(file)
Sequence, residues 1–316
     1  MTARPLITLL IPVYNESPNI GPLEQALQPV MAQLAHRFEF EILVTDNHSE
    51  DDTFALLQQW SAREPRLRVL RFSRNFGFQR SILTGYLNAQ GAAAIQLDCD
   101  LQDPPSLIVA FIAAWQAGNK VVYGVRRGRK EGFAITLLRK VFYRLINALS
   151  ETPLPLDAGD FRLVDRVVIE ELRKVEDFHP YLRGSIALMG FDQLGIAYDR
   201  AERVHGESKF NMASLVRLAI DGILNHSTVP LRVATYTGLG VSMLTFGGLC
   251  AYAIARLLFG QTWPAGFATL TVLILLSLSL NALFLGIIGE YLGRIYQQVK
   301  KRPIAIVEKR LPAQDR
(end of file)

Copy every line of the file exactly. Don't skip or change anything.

Sequence, residues 1–316
     1  MTARPLITLL IPVYNESPNI GPLEQALQPV MAQLAHRFEF EILVTDNHSE
    51  DDTFALLQQW SAREPRLRVL RFSRNFGFQR SILTGYLNAQ GAAAIQLDCD
   101  LQDPPSLIVA FIAAWQAGNK VVYGVRRGRK EGFAITLLRK VFYRLINALS
   151  ETPLPLDAGD FRLVDRVVIE ELRKVEDFHP YLRGSIALMG FDQLGIAYDR
   201  AERVHGESKF NMASLVRLAI DGILNHSTVP LRVATYTGLG VSMLTFGGLC
   251  AYAIARLLFG QTWPAGFATL TVLILLSLSL NALFLGIIGE YLGRIYQQVK
   301  KRPIAIVEKR LPAQDR